A Russian fighter aircraft intercepted a US surveillance aircraft over the Pacific Ocean as the Russian military conducted large-scale maneuvers in the area.

Russian military scrambled a Su-35 fighter jet to escort the US spy plane

In a recently published article in Newsweek, Russian Defense Ministry said on Thursday that "an air target approaching the state border of the Russian Federation was detected by Russian airspace control over the Pacific Ocean."

This target turned out to be a US Air Force RC-135 strategic reconnaissance plane. In response, the Russian military sent a Su-35 fighter jet to escort the inbound aircraft away, according to a published report in Washington News Today.

The RC-135 subsequently made a U-turn away from Russian airspace, and "violations of the Russian Federation's State boundary were not permitted," according to the statement. The Su-35, for its part according to the US, "operated in complete accordance with international airspace norms."

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Operational exercise of Russia in Asia 

The latest incident occurred as the Russian Defense Ministry announced that an operational exercise of forces of the Pacific Fleet is being conducted in the central stretch of the ocean, some 4,000 kilometers, or nearly 2,500 miles, from the home bases of the vessels being deployed.

Up to 20 surface warships, submarines, and support vessels are expected to participate in the exercises, including the Slava-class cruiser Varyag missile cruiser, the large anti-submarine destroyer Admiral Panteleev, the Udaloy-class frigate Marshal Shaposhnikov, the corvettes Gromky, Sovershenny, and Hero of the Russian Federation Aldar Tsydenzhapov, and the missile range instrumentation ship Marshal Krylov, according to a published report in Democratic Underground.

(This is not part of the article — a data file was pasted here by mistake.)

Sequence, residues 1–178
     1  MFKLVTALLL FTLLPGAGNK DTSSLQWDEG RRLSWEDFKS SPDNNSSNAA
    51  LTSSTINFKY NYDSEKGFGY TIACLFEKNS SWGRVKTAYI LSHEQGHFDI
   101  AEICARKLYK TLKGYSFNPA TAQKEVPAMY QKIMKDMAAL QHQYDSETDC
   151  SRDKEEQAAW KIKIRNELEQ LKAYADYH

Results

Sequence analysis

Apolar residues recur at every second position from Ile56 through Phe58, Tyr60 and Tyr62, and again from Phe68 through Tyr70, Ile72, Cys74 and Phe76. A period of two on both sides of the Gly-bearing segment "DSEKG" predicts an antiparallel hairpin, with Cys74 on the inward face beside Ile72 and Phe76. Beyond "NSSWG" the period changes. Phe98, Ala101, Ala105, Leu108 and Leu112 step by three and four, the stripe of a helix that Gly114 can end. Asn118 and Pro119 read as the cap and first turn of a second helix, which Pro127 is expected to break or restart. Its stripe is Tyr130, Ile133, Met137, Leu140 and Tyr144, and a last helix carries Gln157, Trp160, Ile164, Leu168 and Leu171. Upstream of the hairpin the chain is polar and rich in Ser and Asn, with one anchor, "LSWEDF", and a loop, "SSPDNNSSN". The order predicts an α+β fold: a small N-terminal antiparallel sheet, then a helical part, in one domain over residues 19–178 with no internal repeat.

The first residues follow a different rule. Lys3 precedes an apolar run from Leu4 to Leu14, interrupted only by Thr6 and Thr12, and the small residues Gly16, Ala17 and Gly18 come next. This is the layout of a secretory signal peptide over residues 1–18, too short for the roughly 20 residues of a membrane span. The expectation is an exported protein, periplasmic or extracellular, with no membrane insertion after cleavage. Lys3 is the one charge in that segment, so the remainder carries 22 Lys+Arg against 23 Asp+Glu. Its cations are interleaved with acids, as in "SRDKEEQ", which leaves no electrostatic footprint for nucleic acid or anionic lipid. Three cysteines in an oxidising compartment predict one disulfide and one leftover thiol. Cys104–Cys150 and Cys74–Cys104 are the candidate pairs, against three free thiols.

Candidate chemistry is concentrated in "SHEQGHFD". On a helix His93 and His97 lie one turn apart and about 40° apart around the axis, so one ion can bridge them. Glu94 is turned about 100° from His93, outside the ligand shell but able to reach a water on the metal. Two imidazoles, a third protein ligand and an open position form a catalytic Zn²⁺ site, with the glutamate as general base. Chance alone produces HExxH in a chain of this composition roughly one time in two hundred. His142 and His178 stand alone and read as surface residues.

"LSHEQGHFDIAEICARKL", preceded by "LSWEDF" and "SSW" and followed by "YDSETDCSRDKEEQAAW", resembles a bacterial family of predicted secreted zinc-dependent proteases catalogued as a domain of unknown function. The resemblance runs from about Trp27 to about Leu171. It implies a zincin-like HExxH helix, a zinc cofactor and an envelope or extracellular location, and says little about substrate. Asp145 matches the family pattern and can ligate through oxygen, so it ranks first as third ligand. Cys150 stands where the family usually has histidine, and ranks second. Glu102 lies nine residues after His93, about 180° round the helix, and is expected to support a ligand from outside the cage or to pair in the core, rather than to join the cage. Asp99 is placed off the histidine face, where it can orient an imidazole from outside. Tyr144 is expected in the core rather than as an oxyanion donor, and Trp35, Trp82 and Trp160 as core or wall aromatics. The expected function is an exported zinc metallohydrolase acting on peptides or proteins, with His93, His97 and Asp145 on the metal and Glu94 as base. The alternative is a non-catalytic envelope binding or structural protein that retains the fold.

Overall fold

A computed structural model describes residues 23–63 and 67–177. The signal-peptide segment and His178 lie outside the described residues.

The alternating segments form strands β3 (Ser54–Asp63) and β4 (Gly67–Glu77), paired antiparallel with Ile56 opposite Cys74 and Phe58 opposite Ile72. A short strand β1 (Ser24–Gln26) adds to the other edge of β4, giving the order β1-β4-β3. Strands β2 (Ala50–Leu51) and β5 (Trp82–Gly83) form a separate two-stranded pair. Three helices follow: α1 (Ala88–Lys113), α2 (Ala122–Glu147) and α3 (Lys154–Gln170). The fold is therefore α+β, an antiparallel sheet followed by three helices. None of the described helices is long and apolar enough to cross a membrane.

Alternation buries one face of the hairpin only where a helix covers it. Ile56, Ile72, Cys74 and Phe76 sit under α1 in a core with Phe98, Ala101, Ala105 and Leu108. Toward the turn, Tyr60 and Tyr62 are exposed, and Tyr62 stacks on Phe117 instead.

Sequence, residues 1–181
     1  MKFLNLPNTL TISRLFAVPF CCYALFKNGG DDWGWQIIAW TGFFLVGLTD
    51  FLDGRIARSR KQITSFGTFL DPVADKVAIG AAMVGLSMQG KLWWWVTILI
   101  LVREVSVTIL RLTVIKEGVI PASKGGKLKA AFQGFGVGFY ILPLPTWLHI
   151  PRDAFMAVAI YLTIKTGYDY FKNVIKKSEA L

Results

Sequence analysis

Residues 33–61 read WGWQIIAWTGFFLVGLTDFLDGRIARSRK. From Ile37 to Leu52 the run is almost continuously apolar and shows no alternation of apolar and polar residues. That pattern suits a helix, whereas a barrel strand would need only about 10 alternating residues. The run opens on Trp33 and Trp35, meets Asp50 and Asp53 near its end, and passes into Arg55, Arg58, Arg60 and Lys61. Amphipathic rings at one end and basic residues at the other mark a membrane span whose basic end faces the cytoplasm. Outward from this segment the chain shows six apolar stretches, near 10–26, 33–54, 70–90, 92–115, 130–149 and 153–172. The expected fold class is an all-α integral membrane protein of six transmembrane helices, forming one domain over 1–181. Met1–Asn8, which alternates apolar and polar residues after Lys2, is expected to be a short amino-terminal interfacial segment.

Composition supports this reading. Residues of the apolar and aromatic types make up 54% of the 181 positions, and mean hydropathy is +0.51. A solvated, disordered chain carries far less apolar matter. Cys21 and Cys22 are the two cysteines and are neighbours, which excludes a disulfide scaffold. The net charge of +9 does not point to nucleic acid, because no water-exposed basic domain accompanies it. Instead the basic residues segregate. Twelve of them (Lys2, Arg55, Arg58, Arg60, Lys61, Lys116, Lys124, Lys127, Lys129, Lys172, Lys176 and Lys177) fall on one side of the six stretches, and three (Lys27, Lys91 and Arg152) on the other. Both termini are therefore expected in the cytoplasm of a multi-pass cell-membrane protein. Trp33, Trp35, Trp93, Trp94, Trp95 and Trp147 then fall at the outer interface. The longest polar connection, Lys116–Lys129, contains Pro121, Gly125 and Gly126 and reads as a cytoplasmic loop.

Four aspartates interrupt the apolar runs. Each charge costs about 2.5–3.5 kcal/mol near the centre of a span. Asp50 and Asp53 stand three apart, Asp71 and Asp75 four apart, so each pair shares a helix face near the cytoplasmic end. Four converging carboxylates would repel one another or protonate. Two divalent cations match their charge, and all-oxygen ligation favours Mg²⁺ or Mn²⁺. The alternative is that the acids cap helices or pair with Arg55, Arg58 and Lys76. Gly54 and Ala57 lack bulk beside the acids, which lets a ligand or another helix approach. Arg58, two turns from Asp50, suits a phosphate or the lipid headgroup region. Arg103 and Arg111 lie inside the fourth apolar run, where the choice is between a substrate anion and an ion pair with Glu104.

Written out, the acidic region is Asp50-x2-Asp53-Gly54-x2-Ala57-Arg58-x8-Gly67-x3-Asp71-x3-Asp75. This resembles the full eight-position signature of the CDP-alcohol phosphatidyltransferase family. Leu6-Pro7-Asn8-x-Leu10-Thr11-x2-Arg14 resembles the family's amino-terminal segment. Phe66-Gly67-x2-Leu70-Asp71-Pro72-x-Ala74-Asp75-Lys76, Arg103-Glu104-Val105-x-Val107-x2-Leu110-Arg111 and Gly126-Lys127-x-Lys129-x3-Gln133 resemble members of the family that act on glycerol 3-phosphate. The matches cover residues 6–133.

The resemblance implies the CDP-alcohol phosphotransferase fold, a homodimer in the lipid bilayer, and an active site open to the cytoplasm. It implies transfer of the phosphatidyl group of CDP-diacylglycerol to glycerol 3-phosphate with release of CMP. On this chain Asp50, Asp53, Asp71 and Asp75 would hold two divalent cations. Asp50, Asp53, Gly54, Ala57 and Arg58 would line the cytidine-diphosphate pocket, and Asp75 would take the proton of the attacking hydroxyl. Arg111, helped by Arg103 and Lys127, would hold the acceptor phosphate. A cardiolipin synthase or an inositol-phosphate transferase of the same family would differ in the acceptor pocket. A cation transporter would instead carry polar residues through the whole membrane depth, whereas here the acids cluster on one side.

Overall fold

There were roughly 20 aircraft in the sky as well, including long-range anti-submarine aircraft Tu-142MZ, high-altitude fighter-interceptors MiG-31BM, and other aircraft. In one aerial maneuver, a Russian Il-38N anti-submarine aircraft performed operations in Avacha Bay including "search, classification, and tracking of simulated enemy submarines."

Russia's exercise took place before Biden and Putin meeting next week

Russia's Pacific maneuvers are also taking place in the run-up to the highly anticipated first meeting between US President Joe Biden and Russian President Vladimir Putin, which is due to take place next Wednesday in Geneva, Switzerland. Both leaders have attempted to mend tense ties between their countries, although they remain critical of one another's policies.

Biden told US Air Force personnel stationed at Royal Air Force Mildenhall in the United Kingdom that the US did not want to have a conflict with Russia. He emphasized that both countries have responsibilities, including keeping stability and following arms control agreements. Biden said, "I take that responsibility seriously," according to a published article in MSN News.

However, Pres. Joe Biden then added a warning about what Washington perceives as aggressive conduct by Moscow, including claims of political meddling and cyberattacks on the US and its allies. 

Meanwhile, during a press conference the next day in Washington, White House Press Secretary Jen Psaki emphasized Biden and Putin's extensive experience dealing with one another, noting that Biden previously served as vice president and Putin has been in power as either president or prime minister for the past two decades.

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